I was looking back at some of your songs, and I saw this freestyle called “16 Freestyle.” You manifested the shit where you were like, “I’m going to blow when I’m 18.” You also said, “I’m going to be off papers at 19.”
Off papers. I swear to God, I got off papers when I was 19, on my birthday. I was in jail. The U.S. Marshals came and got me. They got big ass trucks. They got on motherfucking Army suits and shit. They came with guns and all that, kicked the door in, and came and got me. I think it was like two weeks before my 19th birthday. I had court in April. I bucked. I’m like, “Man, my birthday’s coming up. I know I can stay out until my birthday.”

So my birthday comes, and all this shit is over with. I’m like, “Man, fuck that, I’m bucking.” I ended up bucking, so they caught me two weeks before my 19th birthday. But they couldn’t do nothing. They couldn’t transfer me to Florida before my birthday. On my 19th birthday, they let me out. We was in Atlanta. They had to let me out on my birthday.

One of my favorite songs is “Gram House Blues.” I can see niggas who are locked up listening to that song to get though the day, like, “This is the shit right here.” Was that one of those songs that you knew niggas would vibe with?
I ain’t going to lie, “Gram House Blues,” that’s one of the songs that really touch somebody who’s been in that situation. Because that whole song was based on being in jail. The whole song. I wrote that in jail two years ago. Now I been out two years, and it’s still fye shit. It’s just some shit you can relate to.

A nigga could write a song three years ago, and in 2020, it would be kind of trash. But “Gram House Blues” is still going to hit.
Yeah. You know, it’s crazy, most of those songs on the Kut Da Fan On project, I made them two years ago in my program. I had to wait to do something with it.

I would imagine your mind wouldn’t even be fully clear writing these songs, because you weren’t in a good situation. But now that you’re out, you get money, you’re free, you’re with your homies, and you can see girls now. But you can’t even think right in jail.
I was in that bitch trying to fuck the CO's.

Would you say that you can write more clearly, being outside of jail now?
I don’t write. I don’t write.

Do you freestyle?
Nah. I’m going to tell you why I used to write. I don’t really like saying what I used to do, because it’s like, I got a recipe and I don’t want to give out my recipe. But the only reason I write is to have lyrics. The only reason I freestyle is to have flow. You might not get that. A lot of people might not get that. I write for lyrics. When I was in the program, I used to write for the lyrics, because I didn’t have no beat. When I get out, I freestyle and hear the beat. I do it for the flow, because my flow is so crazy.

I was about to say, you don’t want to read from your phone and it sounds like you’re reading. You would rather it flow off the top of your head.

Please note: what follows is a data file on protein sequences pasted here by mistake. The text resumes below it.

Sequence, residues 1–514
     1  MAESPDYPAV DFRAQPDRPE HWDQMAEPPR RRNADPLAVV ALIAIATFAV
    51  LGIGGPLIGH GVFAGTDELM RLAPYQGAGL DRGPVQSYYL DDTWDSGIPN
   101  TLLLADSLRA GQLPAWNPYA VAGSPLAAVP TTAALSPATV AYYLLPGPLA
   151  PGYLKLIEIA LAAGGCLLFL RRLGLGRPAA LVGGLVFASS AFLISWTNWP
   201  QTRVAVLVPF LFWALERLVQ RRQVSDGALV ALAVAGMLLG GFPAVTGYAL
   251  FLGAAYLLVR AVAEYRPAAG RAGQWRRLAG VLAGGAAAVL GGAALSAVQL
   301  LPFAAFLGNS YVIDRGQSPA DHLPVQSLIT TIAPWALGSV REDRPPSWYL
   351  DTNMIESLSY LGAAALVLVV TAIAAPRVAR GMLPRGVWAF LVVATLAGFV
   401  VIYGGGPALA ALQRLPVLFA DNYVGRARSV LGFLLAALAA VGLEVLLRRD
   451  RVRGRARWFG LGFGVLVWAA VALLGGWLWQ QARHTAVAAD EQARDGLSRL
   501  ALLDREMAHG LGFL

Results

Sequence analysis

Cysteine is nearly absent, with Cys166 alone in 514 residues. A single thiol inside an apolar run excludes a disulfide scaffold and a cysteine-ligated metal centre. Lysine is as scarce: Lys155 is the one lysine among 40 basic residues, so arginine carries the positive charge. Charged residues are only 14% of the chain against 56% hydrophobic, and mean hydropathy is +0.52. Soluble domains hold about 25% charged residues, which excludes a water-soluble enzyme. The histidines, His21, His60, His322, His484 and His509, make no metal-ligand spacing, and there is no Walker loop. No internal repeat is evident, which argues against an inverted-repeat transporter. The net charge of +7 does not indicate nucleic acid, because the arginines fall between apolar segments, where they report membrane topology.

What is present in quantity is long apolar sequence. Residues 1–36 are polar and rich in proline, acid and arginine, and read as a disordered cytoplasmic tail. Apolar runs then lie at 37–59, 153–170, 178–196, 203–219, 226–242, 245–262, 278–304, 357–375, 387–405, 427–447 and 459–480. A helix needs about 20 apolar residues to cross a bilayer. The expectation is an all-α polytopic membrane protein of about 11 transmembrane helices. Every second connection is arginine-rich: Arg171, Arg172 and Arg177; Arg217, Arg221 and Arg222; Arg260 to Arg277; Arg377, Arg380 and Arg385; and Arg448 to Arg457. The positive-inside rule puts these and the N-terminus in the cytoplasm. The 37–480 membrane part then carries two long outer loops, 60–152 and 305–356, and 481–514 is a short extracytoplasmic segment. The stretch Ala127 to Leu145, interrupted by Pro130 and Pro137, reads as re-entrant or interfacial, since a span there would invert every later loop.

Nah. I could do that, too. I could read it and flow it, but I would rather freestyle. It’s going to come more natural. Everything that’s going to be on my new mixtape is freestyle. A lot of my shit, I wrote from my last program. You write a hit in jail, and you be like, “Okay, this is a hit. I’m going to hold this.” That’s what I did. I’m going to hold this and I’m going to dish it out when I’m ready. It’s going to be a hit no matter how long I hold it. They ain’t ever heard this, so it’s going to be a hit no matter when they hear it. But nah, I just freestyle.

Did you know that “Don’t Need Time” would be the one when you recorded it?
No. That’s crazy to ask me that question, because I be talking about this all the time. Usually, when I record a song, I put it in my Dropbox. I ain’t going to lie, a couple of my dogs got my Dropbox. So I put a song in my Dropbox and see who plays it, and see what song they’re playing the most. I play the songs a lot, too, but when I made “Don’t Need Time,” I didn’t play it. And nobody else played that song. I was kind of sleep on that song. 

But then my dog [Wolph] had his funeral coming up. I made that song a couple of days before the funeral. That’s how I came up with: “This glock look good with every outfit.” I pictured me being in a suit at the funeral with a glock.

But we ain’t never used to play that bitch. Really, I was supposed to shoot “Anonymous” at the funeral. But me and Drew were like, “Nah, that won’t go.” So we went through the Dropbox and saw “Don’t Need Time.” And that song was about Wolph, so we was like, “Eh, we might want to shoot ‘Don’t Need Time.’” I ain't going to lie, that bitch went crazy. I slept on that song. Even though that was my song, I slept on that song.

You said too much real shit in that: “I want to put my nigga on, but he ain’t out yet.” That shit almost made me cry. I had to wipe my eyes a little bit with that shit.
I did say a lot of real shit. I go back and listen to the song, and I be like, damn, how the hell did I make this song? I freestyled that whole song. I was in my feelings, boy.

It’s a good ass song.
What’s your favorite song [of mine]?

“Noun,” bro.
A lot of people say that, but I don’t know. That ain’t my favorite song.

That nigga Plies said a hoe will fuck a buster for a bag. Oh my God, nigga, that shit hit me.
I ain’t going to lie, that part do hit me the most, too, though. That hoe will fuck a buster if he had a bag.

What’s your favorite song you’ve made?
It’s “Gram House Blues.” I said too much real shit. If you’ve been in jail before, you can picture this whole thing. You can picture what I'm saying, man. This is what I be knowing. When I hear my song, I can picture this shit like a movie, every bar. I can picture the whole setting. I can picture the whole setting. I know the next one’s going to do that, too.

I got partners locked up and that’s their favorite song. That’s the shit they’re going through.
That’s what they’re going through. That shit real.

How did the “Don't Need Time” remix with Lil Baby happen?